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Olympic gold medalists David Wise and Alex Hall headline World Cup freestyle skiing and snowboarding stops in the U.S. this weekend, airing on NBC Sports and Peacock.

Wise, who last Sunday won his fifth X Games Aspen ski halfpipe title, led the qualifiers into the final at the Mammoth Mountain Grand Prix in California.

He’s joined in the 10-man final by U.S. Olympic teammates Aaron Blunck and Birk Irving. The women’s ski halfpipe final includes the top three from last week’s X Games — Brit Zoe Atkin, Canadian Rachael Karker and American Svea Irving. Olympic champion Eileen Gu of China is out after suffering a knee injury in an X Games training crash.

The ski slopestyle finals include the reigning men’s and women’s Olympic gold medalists — Hall, plus Mathilde Gremaud of Switzerland.

The marquee snowboarders in Mammoth finals are Olympic big air silver medalist Julia Marino (slopestyle) and X Games silver medalist Maddie Mastro (halfpipe). Two-time Olympic champion Chloe Kim is taking the season off, and another double Olympic champion, Jamie Anderson, is pregnant.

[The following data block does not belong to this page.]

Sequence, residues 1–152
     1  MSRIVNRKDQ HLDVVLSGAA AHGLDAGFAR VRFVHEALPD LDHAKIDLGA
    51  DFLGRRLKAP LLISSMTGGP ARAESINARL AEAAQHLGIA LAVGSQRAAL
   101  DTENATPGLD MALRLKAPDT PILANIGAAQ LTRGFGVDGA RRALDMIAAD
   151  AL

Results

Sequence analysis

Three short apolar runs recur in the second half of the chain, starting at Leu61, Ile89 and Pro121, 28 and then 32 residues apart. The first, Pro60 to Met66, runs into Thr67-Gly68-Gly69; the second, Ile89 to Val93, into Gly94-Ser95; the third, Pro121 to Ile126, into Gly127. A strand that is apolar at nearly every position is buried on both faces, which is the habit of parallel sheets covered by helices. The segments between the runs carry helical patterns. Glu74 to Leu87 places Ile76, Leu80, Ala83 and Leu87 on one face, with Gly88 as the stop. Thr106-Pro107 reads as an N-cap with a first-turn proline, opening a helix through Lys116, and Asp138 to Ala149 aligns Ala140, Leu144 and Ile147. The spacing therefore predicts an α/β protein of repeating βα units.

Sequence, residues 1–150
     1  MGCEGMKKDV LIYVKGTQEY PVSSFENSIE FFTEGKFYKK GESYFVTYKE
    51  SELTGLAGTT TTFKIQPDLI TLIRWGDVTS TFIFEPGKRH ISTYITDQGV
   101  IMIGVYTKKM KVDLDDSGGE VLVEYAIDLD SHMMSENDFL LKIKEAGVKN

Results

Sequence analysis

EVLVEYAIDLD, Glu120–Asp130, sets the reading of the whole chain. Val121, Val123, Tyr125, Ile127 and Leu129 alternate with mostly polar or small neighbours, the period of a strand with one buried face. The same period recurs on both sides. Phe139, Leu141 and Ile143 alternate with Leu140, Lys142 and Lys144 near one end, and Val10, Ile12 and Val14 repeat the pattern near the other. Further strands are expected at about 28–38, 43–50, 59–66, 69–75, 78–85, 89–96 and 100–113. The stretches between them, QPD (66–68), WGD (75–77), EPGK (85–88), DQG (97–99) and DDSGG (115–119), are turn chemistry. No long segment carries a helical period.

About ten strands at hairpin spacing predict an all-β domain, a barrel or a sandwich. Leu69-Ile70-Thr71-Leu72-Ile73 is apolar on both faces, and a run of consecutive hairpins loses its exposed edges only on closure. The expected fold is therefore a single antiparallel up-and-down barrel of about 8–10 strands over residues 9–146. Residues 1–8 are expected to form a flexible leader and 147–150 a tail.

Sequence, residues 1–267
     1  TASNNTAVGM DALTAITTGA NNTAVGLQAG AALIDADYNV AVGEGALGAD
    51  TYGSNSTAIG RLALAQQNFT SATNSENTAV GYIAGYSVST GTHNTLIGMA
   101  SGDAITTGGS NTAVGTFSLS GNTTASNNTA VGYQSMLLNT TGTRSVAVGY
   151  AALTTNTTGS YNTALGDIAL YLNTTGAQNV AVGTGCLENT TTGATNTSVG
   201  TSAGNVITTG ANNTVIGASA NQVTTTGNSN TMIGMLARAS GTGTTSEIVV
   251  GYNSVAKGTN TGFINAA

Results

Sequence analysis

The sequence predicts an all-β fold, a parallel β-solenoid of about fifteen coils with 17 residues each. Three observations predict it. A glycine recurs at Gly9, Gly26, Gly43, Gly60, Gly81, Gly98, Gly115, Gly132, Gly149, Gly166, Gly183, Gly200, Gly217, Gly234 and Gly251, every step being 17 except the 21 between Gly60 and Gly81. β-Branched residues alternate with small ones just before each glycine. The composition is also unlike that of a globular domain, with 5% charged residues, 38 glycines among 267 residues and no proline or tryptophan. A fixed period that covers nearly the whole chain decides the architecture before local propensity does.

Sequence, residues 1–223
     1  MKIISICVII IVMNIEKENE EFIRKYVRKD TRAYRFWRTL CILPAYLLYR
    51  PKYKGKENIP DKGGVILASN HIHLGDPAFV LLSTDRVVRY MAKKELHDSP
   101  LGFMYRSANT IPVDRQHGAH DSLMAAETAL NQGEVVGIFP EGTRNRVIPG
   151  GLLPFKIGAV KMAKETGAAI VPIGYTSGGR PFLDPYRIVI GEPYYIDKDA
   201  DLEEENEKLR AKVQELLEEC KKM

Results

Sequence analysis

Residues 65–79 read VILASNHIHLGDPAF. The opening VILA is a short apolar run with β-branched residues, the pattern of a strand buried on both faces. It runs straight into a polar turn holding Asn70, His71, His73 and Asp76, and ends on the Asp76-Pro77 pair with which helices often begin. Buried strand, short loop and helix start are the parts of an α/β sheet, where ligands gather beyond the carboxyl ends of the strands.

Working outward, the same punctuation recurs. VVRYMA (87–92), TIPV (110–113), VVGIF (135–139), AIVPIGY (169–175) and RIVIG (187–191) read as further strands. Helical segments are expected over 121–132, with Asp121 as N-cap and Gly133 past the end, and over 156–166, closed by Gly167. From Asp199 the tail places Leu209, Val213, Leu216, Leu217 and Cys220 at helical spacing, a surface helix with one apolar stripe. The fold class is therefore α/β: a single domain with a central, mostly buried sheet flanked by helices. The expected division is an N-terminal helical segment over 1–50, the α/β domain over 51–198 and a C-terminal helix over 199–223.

Aerials and moguls skiers are competing in their lone U.S. World Cup stop in Park City, Utah.

The moguls fields including Olympic gold medalists Walter Wallberg of Sweden, Mikael Kingsbury of the U.S., Perrine Laffont of France and Jakara Anthony of Australia. Olympic silver medalist Jaelin Kauf is the standout American.

The aerials include every member of the U.S. team that took gold at last year’s Olympics — Ashley Caldwell, Chris Lillis and Justin Schoenefeld.

Freestyle Skiing and Snowboarding World Cup Broadcast Schedule

Day Event Time (ET) Platform
Saturday Moguls 11 a.m. CNBC, Peacock
Ski Halfpipe 3 p.m. NBC, Peacock
Sunday Ski Slopestyle 12 p.m. CNBC, Peacock
Sun., Feb. 12 Aerials, Dual Moguls 2 p.m. NBC, Peacock
Snowboard Halfpipe 2 p.m. CNBC, Peacock

All NBC and CNBC coverage also streams on NBCSports.com/live and the NBC Sports app for subscribers.